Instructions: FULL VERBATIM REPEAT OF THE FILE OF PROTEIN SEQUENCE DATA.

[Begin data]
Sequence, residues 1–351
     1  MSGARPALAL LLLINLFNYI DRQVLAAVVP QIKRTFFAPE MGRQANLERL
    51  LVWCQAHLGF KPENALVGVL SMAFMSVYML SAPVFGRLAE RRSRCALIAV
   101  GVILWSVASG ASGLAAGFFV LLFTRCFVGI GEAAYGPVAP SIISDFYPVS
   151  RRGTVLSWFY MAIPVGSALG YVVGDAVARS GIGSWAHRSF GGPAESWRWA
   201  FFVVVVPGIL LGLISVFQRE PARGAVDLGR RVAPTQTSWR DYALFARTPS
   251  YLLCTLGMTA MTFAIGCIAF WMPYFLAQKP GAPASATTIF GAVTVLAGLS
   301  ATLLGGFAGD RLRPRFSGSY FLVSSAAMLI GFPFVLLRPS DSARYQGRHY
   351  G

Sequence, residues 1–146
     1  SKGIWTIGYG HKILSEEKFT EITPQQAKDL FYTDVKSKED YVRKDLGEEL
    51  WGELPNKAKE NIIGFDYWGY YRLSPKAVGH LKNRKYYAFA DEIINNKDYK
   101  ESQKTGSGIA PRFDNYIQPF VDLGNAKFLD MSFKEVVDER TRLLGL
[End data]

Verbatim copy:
Sequence, residues 1–351
     1  MSGARPALAL LLLINLFNYI DRQVLAAVVP QIKRTFFAPE MGRQANLERL
    51  LVWCQAHLGF KPENALVGVL SMAFMSVYML SAPVFGRLAE RRSRCALIAV
   101  GVILWSVASG ASGLAAGFFV LLFTRCFVGI GEAAYGPVAP SIISDFYPVS
   151  RRGTVLSWFY MAIPVGSALG YVVGDAVARS GIGSWAHRSF GGPAESWRWA
   201  FFVVVVPGIL LGLISVFQRE PARGAVDLGR RVAPTQTSWR DYALFARTPS
   251  YLLCTLGMTA MTFAIGCIAF WMPYFLAQKP GAPASATTIF GAVTVLAGLS
   301  ATLLGGFAGD RLRPRFSGSY FLVSSAAMLI GFPFVLLRPS DSARYQGRHY
   351  G

Sequence, residues 1–146
     1  SKGIWTIGYG HKILSEEKFT EITPQQAKDL FYTDVKSKED YVRKDLGEEL
    51  WGELPNKAKE NIIGFDYWGY YRLSPKAVGH LKNRKYYAFA DEIINNKDYK
   101  ESQKTGSGIA PRFDNYIQPF VDLGNAKFLD MSFKEVVDER TRLLGL